Frank Worden, MD: In addition to what you were saying about the clinical trials, I am all over clinical trials like I think most of you are here, too. The RIFTOS study is looking at how patients are progressing and when we start treatment with scans. I think that data are going to be really important to have. I think the more we see those, someone seeing them regularly should reassure them, and following them in that manner with studies such as this will be very helpful.

Marcia S. Brose, MD, PhD: And the last thing also is that you take your data—or Dr. Schlumberger’s data—that says once they are RAI refractory and their disease is growing—progressive disease—their overall survival is on average two-and-a-half to three-and-a-half years if you’re taking out the people who could have surgery. It’s really important I think for the community endocrinologist, as well as the oncologist, to understand that is a completely different patient. That patient is more like a lung cancer patient than they are like the bulk of the thyroid cancer patients. And, where I think we have still a challenge in our country, and maybe even around the world, is when an endocrinologist sees 95% of their patients are the good patients, to really teach them that this patient deserves to have early intervention and consideration because they will not be acting like those other ones. It’s hard sometimes to get them to take that rose colored glasses off.

R. Michael Tuttle, MD: It’s a perfect segue, Frank.

Transcript Edited for Clarity
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Transcript:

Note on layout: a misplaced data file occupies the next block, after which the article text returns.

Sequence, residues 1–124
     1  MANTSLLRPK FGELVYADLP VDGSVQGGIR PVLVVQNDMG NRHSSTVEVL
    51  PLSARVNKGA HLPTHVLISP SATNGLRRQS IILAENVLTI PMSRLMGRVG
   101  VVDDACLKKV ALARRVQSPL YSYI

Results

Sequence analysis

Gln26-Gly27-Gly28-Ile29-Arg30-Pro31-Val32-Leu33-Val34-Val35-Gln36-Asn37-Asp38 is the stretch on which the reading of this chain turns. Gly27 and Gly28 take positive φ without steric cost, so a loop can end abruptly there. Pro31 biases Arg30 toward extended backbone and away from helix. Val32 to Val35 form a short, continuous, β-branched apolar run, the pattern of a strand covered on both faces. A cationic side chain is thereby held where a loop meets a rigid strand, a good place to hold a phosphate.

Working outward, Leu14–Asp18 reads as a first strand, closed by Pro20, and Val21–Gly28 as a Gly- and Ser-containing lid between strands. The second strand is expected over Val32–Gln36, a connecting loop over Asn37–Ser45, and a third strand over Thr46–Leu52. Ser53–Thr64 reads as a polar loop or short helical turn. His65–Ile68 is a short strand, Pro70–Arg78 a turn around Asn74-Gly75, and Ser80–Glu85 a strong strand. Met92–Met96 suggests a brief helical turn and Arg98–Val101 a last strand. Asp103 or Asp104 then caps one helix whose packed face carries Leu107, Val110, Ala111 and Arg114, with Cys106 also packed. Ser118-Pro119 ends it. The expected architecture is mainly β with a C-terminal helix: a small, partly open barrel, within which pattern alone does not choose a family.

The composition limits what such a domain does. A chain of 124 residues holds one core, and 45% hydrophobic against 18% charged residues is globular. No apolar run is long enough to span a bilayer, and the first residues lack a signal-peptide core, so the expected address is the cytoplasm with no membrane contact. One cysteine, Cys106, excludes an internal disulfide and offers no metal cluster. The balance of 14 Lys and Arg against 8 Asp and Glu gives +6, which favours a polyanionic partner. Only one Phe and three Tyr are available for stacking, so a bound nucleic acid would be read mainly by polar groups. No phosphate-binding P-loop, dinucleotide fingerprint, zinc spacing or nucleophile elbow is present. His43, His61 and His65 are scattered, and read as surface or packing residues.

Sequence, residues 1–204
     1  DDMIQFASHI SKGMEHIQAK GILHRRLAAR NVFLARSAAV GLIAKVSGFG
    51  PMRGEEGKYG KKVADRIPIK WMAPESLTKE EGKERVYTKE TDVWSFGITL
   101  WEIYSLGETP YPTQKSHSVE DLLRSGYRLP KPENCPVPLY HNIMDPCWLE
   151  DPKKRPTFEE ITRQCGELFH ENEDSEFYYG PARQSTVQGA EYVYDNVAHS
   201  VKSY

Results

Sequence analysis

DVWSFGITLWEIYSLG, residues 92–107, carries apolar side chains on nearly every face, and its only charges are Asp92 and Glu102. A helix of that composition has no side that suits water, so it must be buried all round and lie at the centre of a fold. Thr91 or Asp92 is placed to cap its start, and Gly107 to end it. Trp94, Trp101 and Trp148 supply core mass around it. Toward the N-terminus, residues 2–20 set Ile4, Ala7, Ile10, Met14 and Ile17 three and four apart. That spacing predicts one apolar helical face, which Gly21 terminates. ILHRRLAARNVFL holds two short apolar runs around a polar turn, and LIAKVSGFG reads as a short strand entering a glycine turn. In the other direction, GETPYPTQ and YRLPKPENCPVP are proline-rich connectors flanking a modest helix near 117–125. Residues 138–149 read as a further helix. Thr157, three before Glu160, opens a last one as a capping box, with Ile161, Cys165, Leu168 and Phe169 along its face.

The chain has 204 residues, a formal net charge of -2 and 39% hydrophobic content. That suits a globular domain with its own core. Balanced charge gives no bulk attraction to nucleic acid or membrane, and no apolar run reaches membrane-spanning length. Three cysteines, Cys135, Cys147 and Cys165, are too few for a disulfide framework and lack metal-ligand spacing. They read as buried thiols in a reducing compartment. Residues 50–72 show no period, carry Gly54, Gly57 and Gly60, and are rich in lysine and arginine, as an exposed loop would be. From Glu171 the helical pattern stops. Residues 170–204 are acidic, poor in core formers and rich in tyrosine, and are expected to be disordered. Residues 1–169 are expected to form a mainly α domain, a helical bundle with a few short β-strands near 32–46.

R. Michael Tuttle, MD:
Frank, you mentioned to send them back for RAI treatment. They usually start with us. We don’t get a lot back from you guys. Where should we, as practicing endocrinologists who have taken care of this, where do you want to get involved in these patients? Not the rapidly ones from the beginning, the ones that are growing more slowly over time. Where do you want to become part of the team or part of the process?

Frank Worden, MD: Right. I said send them back. It’s interesting, I live in Michigan, and so our catchment area is like the entire state of Michigan. And so one of my colleagues, your colleagues, Megan Haymart, published this very brilliant paper in JAMA saying that people get RAI kind of depending on where they live.

R. Michael Tuttle, MD: Yes, without a doubt.

Frank Worden, MD: And what doses they get. It’s very fascinating. So, people will come to us, and soon it’s very confusing. That’s why I said, well, I’ll send you back because I definitely want your opinion regarding those middle ground cases, such as Marcia is describing. But what’s interesting, I prefer—and I think Marcia, Eric probably does as well—to see them when they become refractory earlier rather than later. What I find sometimes is the outside-of-Michigan endocrinologist will hang on to the patients a little longer, managing their TSH which they’re suppressing, which is great. By the time they come to me, they’ve already developed those symptoms, that shortness of breath or that extensive bone pain that should have been irradiated. Now their pelvis is half eaten or whatnot. Those people should be seen earlier. So, I, personally, am on a big movement to have these patients seen earlier when we really are kind of on that cusp of saying they’re refractory to iodine or we know they’re refractory.

Marcia S. Brose, MD, PhD: Yes. And even the asymptomatic patients, there are a lot of things we do before patients go on kinase inhibitors, that we can help them have a better outcome if we can get them to a gym and start doing weightlifting and all of these things. And people laugh and they’re like you really do that? And I’m like, 80 year-old ladies I’m sending to the gym.